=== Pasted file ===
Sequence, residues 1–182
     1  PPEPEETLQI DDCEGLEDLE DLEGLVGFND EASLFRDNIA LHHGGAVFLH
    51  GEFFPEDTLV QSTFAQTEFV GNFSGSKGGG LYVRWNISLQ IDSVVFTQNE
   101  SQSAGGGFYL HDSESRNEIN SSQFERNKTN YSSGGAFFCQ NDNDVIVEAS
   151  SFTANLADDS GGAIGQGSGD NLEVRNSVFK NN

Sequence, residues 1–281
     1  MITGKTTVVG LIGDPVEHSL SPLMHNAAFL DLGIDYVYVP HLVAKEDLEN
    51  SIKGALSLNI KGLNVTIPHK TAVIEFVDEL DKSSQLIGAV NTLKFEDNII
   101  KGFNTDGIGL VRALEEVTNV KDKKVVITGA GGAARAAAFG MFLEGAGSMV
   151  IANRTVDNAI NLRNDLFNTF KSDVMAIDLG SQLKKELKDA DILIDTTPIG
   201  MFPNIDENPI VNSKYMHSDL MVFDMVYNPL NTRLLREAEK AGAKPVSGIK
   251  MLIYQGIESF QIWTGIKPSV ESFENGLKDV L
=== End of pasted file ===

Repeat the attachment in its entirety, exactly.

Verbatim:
Sequence, residues 1–182
     1  PPEPEETLQI DDCEGLEDLE DLEGLVGFND EASLFRDNIA LHHGGAVFLH
    51  GEFFPEDTLV QSTFAQTEFV GNFSGSKGGG LYVRWNISLQ IDSVVFTQNE
   101  SQSAGGGFYL HDSESRNEIN SSQFERNKTN YSSGGAFFCQ NDNDVIVEAS
   151  SFTANLADDS GGAIGQGSGD NLEVRNSVFK NN

Sequence, residues 1–281
     1  MITGKTTVVG LIGDPVEHSL SPLMHNAAFL DLGIDYVYVP HLVAKEDLEN
    51  SIKGALSLNI KGLNVTIPHK TAVIEFVDEL DKSSQLIGAV NTLKFEDNII
   101  KGFNTDGIGL VRALEEVTNV KDKKVVITGA GGAARAAAFG MFLEGAGSMV
   151  IANRTVDNAI NLRNDLFNTF KSDVMAIDLG SQLKKELKDA DILIDTTPIG
   201  MFPNIDENPI VNSKYMHSDL MVFDMVYNPL NTRLLREAEK AGAKPVSGIK
   251  MLIYQGIESF QIWTGIKPSV ESFENGLKDV L